Where has Morrissey been hiding? Let’s set aside the famous gay male serial killers, let’s even set aside the ancient Greeks: The fact remains that some of the most aggressive (and best) men out there are gays who have made a career of the U.S. military.

And I say, good on them! Real men protect people from evil, and the roughness and aggression of the good men who protect all of us from terrorists, criminals, etc. may (if under good regulation) be a virtue. Sensitive, artistic men are also needed, but I don’t want a world where the type that Morrissey seems to prefer – the effete, self-indulgent eunuch who protects no one except himself and maybe a few cows – is dominant.

Next, we hear that ABC is ready to produce a Reagan-hating mini-series:

The Hollywood Reporter relayed on Thursday that “Mere days after the Academy Awards, ABC Studios has bought rights to David France’s film,” How to Survive a Plague, a hard-left documentary on AIDS activism in the Reagan years, when the Left claimed Reagan wanted them all to die off…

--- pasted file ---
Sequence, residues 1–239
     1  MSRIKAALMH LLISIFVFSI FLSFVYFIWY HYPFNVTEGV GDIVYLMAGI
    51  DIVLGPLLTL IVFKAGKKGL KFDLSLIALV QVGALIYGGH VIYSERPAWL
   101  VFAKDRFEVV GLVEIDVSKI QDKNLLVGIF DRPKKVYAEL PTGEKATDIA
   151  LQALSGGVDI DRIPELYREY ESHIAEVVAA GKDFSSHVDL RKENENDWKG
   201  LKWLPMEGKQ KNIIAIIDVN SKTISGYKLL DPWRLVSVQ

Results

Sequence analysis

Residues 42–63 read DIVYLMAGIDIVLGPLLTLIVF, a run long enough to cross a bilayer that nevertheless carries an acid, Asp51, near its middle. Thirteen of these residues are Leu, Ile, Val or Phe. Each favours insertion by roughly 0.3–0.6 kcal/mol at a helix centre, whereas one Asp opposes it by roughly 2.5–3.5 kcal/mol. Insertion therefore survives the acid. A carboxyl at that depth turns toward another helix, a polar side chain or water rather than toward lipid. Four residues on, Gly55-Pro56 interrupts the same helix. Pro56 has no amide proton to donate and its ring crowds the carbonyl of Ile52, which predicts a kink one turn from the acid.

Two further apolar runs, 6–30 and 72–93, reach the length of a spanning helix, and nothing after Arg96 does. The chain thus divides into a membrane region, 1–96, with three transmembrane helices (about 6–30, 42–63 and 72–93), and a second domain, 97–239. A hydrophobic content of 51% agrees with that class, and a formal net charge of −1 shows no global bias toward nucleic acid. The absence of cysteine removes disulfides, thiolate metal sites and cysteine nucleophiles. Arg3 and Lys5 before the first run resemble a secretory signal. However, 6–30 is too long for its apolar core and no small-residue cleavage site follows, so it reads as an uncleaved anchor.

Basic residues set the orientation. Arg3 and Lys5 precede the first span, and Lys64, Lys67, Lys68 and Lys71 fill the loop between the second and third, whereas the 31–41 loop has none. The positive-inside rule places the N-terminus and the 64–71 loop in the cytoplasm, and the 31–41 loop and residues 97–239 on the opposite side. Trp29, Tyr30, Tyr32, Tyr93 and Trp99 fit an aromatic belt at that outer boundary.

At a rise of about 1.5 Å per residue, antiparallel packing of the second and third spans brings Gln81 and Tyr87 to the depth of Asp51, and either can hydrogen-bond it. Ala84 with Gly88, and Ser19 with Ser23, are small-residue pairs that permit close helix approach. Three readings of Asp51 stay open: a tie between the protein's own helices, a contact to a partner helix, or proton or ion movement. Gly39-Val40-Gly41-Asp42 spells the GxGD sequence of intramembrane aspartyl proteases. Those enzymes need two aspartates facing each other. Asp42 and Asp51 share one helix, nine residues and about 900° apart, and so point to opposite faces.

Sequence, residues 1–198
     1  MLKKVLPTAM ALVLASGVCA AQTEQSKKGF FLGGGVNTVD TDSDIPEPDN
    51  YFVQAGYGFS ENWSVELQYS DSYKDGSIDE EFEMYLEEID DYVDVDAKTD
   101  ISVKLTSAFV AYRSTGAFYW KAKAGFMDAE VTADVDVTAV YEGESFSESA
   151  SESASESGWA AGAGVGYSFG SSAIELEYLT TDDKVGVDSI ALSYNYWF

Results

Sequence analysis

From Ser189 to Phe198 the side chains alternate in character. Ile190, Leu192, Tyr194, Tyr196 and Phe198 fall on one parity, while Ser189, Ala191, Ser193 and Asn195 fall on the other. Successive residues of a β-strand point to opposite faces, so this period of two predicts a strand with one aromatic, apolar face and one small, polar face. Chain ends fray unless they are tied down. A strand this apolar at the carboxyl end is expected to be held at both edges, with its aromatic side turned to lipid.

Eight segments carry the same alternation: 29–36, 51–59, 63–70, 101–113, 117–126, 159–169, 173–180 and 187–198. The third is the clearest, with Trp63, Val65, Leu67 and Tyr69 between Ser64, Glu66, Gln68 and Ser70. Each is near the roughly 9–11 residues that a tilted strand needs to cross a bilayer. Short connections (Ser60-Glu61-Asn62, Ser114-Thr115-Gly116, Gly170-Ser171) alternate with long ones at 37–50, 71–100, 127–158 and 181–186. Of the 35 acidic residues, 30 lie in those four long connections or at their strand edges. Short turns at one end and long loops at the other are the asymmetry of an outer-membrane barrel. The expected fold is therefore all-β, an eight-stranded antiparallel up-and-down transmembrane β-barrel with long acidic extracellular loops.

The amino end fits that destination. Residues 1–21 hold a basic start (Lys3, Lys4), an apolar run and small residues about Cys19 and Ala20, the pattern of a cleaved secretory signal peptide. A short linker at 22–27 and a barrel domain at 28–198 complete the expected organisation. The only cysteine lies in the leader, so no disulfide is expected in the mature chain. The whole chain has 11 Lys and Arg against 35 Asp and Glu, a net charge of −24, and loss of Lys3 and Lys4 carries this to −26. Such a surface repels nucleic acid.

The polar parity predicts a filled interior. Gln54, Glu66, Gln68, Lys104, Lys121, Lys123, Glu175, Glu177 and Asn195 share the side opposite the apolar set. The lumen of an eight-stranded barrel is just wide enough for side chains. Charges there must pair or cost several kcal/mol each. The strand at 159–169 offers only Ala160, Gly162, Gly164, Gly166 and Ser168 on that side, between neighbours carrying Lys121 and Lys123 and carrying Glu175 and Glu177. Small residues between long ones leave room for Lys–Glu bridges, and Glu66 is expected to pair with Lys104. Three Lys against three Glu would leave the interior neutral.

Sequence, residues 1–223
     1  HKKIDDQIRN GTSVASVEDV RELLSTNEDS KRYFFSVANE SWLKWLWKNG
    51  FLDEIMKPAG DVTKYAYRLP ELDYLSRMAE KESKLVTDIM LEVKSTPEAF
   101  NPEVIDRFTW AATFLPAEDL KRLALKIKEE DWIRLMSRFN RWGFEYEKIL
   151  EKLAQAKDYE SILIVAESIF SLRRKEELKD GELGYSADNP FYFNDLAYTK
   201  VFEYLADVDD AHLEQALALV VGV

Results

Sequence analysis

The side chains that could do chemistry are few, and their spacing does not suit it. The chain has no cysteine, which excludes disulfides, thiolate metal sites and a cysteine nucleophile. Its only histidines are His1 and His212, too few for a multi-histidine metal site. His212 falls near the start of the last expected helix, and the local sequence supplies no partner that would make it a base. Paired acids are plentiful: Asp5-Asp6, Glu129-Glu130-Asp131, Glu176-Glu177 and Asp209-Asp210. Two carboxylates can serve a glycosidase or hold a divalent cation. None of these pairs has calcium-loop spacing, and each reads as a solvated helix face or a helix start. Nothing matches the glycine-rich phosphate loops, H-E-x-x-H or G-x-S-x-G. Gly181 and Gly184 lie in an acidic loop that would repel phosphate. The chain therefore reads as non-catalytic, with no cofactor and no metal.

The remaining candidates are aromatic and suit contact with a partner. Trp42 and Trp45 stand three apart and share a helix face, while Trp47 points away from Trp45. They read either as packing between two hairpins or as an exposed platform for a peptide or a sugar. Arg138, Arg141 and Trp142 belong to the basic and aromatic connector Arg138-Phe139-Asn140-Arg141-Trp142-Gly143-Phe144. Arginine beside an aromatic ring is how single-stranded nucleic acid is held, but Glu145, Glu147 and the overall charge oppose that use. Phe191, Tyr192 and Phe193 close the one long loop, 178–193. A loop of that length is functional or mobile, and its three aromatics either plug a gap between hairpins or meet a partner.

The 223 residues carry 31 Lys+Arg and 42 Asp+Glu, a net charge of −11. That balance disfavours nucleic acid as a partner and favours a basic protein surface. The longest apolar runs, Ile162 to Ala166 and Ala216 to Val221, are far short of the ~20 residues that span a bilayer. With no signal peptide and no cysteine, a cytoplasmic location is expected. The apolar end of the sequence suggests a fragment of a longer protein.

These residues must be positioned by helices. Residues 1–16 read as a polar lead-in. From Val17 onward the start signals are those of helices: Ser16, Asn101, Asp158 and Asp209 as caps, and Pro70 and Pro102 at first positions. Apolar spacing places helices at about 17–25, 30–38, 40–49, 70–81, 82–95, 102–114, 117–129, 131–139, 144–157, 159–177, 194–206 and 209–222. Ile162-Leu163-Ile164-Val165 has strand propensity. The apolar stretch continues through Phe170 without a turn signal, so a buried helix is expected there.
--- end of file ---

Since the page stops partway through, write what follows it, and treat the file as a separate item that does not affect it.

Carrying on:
Clearly, the Gay Left’s mythology of Reagan-as-gay-hater is going to be with us awhile. Fortunately, no amount of repetition of a myth can alter the truth.

New “Benefits” but with a Creepy Requirement

Posted by ColoradoPatriot at 7:08 pm - February 11, 2013.
Filed under: Equality (Real or Faux?),Gays In Military

So already I’ve been approached by a couple people (at work, no less) asking me for reaction to the Secretary’s announcement today that he’s extending certain benefits to same-sex partnered service members.